Looking for sustainable, eco-friendly options? The Derag Living Hotel at Vikualienmarkt is a 4-star environmentally sustainable restaurant situated right in the center of Munich. Another option is the Schlossgut Oberambach, an eco hotel situated about 40 minutes outside of Munich on the Starnberg Lake. It’s a family run hotel located on a 120-acre farm with exclusively organic cuisine. It’s perfect if you’d prefer to stay in a more peaceful setting while taking day trips in to see Munich city center.
On a budget? While Munich is not a cheap destination, you’ll find reasonably priced hostels and budget hotels, particularly if you’re willing to stay a little further from the city center. For example, A&O hostels have several locations in Munich outside of the city center with dorm bed starting at about $10/night and private rooms from $25/night. Wombats Hostel is at the top in this list of top party hostels. It’s very conveniently located right at the main central train station, but from experience don’t count on getting a full night of sleep!
Find and book these hotels on our favourite accommodation search website: Booking.com
Another great alternative for accommodation in Munich is Airbnb, where private rooms start at $30 and offer a unique way to experience the city from a more local perspective.
Don’t have an Airbnb account yet? Sign up now and receive a discount to put towards your first Airbnb stay!
Where to Eat & Drink in Munich
Even if you’re not visiting Munich during Oktoberfest, no visit will be complete without sitting down in one of the many beer halls with a beer and Bavarian food, soaking the atmosphere. You’ll find the legendary Hofbräuhaus or the Ratskeller near Marienplatz in the city center. Expect long wait times during peak hours, however.
One tip is to avoid long waits and crowded benches in the city center and go the Augustiner Bräustuben near the central train station for excellent food and beers at much more reasonable prices. Inside, you’ll find mostly locals lining the long tables chatting in Bavarian dialect.
The “Viktualienmarkt“ is a gourmet food market that is held daily just beside Marienplatz in the city center. It’s perfect for wandering around, trying out local specialties. Mimi Sheraton once wrote in the New York Times that eating there was a meal worth taking a flight for. Try a Weißwurst!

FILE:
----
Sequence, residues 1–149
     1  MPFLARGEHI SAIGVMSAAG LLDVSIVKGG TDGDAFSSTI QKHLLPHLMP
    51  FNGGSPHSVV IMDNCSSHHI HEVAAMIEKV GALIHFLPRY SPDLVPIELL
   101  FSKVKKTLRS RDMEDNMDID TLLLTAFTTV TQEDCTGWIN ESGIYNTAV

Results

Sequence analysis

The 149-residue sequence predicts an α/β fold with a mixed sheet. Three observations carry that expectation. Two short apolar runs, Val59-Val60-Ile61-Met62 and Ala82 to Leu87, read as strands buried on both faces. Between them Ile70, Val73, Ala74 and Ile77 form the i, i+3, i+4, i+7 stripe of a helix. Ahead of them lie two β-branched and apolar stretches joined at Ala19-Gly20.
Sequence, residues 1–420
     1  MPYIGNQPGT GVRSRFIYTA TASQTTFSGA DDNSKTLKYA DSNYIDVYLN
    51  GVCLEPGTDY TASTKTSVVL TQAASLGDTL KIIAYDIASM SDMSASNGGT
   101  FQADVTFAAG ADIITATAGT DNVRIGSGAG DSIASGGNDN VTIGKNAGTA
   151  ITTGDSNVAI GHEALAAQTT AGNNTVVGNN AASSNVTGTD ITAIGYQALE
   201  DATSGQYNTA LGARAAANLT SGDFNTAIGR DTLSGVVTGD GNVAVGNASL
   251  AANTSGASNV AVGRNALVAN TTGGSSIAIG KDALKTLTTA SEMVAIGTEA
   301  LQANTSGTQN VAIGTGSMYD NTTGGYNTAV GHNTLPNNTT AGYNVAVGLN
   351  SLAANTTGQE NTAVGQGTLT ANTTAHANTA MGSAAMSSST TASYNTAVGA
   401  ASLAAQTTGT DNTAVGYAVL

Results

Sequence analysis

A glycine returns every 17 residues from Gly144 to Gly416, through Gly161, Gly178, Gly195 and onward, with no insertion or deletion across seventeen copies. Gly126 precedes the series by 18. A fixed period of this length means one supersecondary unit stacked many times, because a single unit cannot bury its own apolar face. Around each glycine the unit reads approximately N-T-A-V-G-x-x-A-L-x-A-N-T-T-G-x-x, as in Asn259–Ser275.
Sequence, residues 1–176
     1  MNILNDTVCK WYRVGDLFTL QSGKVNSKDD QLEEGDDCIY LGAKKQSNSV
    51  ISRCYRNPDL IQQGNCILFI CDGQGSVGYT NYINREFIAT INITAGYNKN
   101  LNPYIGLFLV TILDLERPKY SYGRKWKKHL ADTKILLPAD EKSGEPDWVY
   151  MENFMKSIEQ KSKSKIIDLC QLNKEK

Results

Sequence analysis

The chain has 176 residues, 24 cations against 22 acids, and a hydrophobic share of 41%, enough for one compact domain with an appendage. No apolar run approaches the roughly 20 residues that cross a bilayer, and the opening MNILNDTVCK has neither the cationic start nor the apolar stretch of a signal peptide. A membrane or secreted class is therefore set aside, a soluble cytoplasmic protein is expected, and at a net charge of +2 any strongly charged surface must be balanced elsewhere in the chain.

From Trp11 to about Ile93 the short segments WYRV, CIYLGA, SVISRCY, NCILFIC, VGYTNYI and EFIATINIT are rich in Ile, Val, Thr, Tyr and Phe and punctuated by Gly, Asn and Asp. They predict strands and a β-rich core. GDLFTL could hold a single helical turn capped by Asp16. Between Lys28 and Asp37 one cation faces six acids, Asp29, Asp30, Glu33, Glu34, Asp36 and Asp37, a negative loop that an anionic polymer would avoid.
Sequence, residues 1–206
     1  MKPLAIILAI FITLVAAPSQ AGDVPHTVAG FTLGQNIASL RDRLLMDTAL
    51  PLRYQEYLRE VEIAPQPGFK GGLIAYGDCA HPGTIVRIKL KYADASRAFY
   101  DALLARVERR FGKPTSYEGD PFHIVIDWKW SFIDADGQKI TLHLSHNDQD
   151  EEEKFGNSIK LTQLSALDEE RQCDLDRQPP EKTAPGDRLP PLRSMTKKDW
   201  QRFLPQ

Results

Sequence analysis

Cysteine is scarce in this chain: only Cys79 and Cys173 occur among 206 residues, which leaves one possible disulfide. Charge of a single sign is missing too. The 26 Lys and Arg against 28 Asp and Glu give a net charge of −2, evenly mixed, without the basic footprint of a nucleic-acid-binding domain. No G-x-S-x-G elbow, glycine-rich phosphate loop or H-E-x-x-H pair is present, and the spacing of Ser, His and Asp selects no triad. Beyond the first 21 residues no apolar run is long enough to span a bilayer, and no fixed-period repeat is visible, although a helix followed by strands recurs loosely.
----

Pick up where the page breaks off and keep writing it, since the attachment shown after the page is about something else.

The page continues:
Stuck inside on a rainy afternoon? Lost Weekend is a vegan cafe that combines a co-working space with a bookshop in the Schwabing area of Munich near the museum quarter.
A short walk away, you’ll find the vegan Gratitude Restaurant, listed as one of the best vegan restaurants on Foursquare. Louis Hotel also deserves a mention as offering the best vegan brunch in town right in the city center.
If you’d like a break from Bavarian cuisine, my personal favorite restaurant in Munich is the Bib Gourmand-listed M-Bellville in Schwabing, which serves French bistro food and natural wine at excellent prices.
If you’re looking for bars, the Glochenbachviertel is full of trendy bars and nightclubs, as well as a strong gay scene. Munich is also famous for its high-end nightclubs such as P1 or Ksar, which are often frequented by local celebrities. Substanz is a nice bar if you’re looking for a more low-key location with regular live music and improv shows.
How Much Time Do you Need In Munich
Munich’s city center is small, so you can walk around it in a day if you’re pressed for time. Frommer’s one-day itinerary will give you a good flavor of Munich in short period of time.
Dashing around the city is hardly the best way to fully enjoy this alpine treasure. Three to four days will give you time to make day trips outside of Munich, such as visiting the famous inspiration for Disney castles, Neuschwanstein, or the Dachau Concentration Camp Memorial Site, as this three to four day itinerary suggests.
Like to get active on your holidays? Munich is surrounded by beautiful countryside and small villages. This active day itinerary is perfect for burning off the heavy Bavarian food.
Have you ever been to Munich? What tips and advice would you give to first-time visitors?
About the Author: Thomas Carney lived in Munich for three years. He writes about minimalist travel, packing lists and merino wool clothing over at MerinoWoolRocks.com